David Rutledge

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For the Michigan politician, see David E. Rutledge.

Dr. David B. Rutledge (born 1952) is the Kiyo and Eiko Tomiyasu Professor of Engineering and former Chair of the Division of Engineering and Applied Science at the California Institute of Technology (Caltech).[1] His current research is in estimating fossil-fuel supplies, and the implications for alternative energy sources and climate change.[2] His earlier work on microwave circuits has been important for various advances in wireless communications and has been useful for applications such as radar, remote sensing, and satellite broadcasting.


Rutledge earned his bachelor's degree at Williams College, his Master of Arts degree from the University of Cambridge, and his doctorate from University of California, Berkeley.[1]


He joined the Caltech faculty as an assistant professor in 1980, and rose through the faculty ranks to become the holder of the Tomiyasu chair in 2001.[1] He served as executive officer for Electrical Engineering from 1999 to 2002 and chair of the Division of Engineering and Applied Science from 2005 to 2008. Rutledge was editor-in-chief of the journal IEEE Transactions on Microwave Theory and Techniques. He is also a member of Caltech's Lee Center for Advanced Networking, which aims to create a global communication system that is as reliable and robust as a basic utility.[3]

Published works[edit]

Professor Rutledge is the author of The Electronics of Radio,[4] a book published by Cambridge University Press, as well as author or co-author of numerous other publications. This book provides an introduction to analog electronics by analyzing the design and construction of a radio transceiver. Essential theoretical background is provided at each step, along with carefully designed laboratory and homework exercises. The goal of this approach is to ensure a good grasp of basic electronics as well as an excellent foundation in wireless communications systems. The book begins with a thorough description of basic electronic components and simple circuits. Next, the key elements of radio electronics, including filters, amplifiers, oscillators, mixers, and antennas are described. In the laboratory exercises, the reader is led through the design, construction, and testing of a popular radio transceiver (the NorCal 40A), thereby illustrating and reinforcing the theoretical material. This book, the first to deal with elementary electronics in the context of radio, is often used as a textbook for introductory analog electronics courses, or for more advanced undergraduate classes on radio frequency electronics. It may also be of interest to electronics hobbyists and radio enthusiasts.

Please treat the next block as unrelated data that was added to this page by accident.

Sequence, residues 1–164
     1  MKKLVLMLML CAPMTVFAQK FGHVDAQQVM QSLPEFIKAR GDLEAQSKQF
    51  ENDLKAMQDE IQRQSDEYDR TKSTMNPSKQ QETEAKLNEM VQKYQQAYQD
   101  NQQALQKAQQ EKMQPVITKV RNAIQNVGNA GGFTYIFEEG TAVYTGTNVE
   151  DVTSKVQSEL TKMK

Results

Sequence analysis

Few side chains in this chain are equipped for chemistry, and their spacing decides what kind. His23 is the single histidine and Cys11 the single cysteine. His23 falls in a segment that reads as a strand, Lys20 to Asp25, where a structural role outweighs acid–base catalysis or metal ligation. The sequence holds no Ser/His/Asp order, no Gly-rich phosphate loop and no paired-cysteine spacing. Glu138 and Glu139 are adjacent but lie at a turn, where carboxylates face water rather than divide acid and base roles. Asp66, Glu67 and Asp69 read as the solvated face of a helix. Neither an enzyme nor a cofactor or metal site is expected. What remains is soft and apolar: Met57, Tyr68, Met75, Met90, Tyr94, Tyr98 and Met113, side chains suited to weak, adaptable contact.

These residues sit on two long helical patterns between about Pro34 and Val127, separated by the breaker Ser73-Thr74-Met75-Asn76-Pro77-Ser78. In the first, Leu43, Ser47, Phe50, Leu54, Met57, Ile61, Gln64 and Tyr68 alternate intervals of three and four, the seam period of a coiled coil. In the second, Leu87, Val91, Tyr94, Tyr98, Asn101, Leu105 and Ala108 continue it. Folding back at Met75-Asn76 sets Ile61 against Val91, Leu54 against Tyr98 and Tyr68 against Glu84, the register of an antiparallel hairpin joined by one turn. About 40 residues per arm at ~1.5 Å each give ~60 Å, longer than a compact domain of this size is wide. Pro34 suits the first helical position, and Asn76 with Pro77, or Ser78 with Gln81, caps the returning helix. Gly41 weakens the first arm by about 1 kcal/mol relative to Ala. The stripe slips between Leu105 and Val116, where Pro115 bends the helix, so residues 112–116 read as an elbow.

Honors and activities[edit]


  1. ^ a b c "Caltech Electrical Engineering faculty". ee.caltech.edu. Retrieved 2015-10-21. 
  2. ^ "David Rutledge, Energy Supplies". rutledge.caltech.edu. Retrieved 2015-10-21. 
  3. ^ "People at the Lee Center". leecenter.caltech.edu. Retrieved 2015-10-21. 
  4. ^ a b Rutledge, David B. (1999). The Electronics of Radio. Cambridge University Press. ISBN 978-0521646451. 

External links[edit]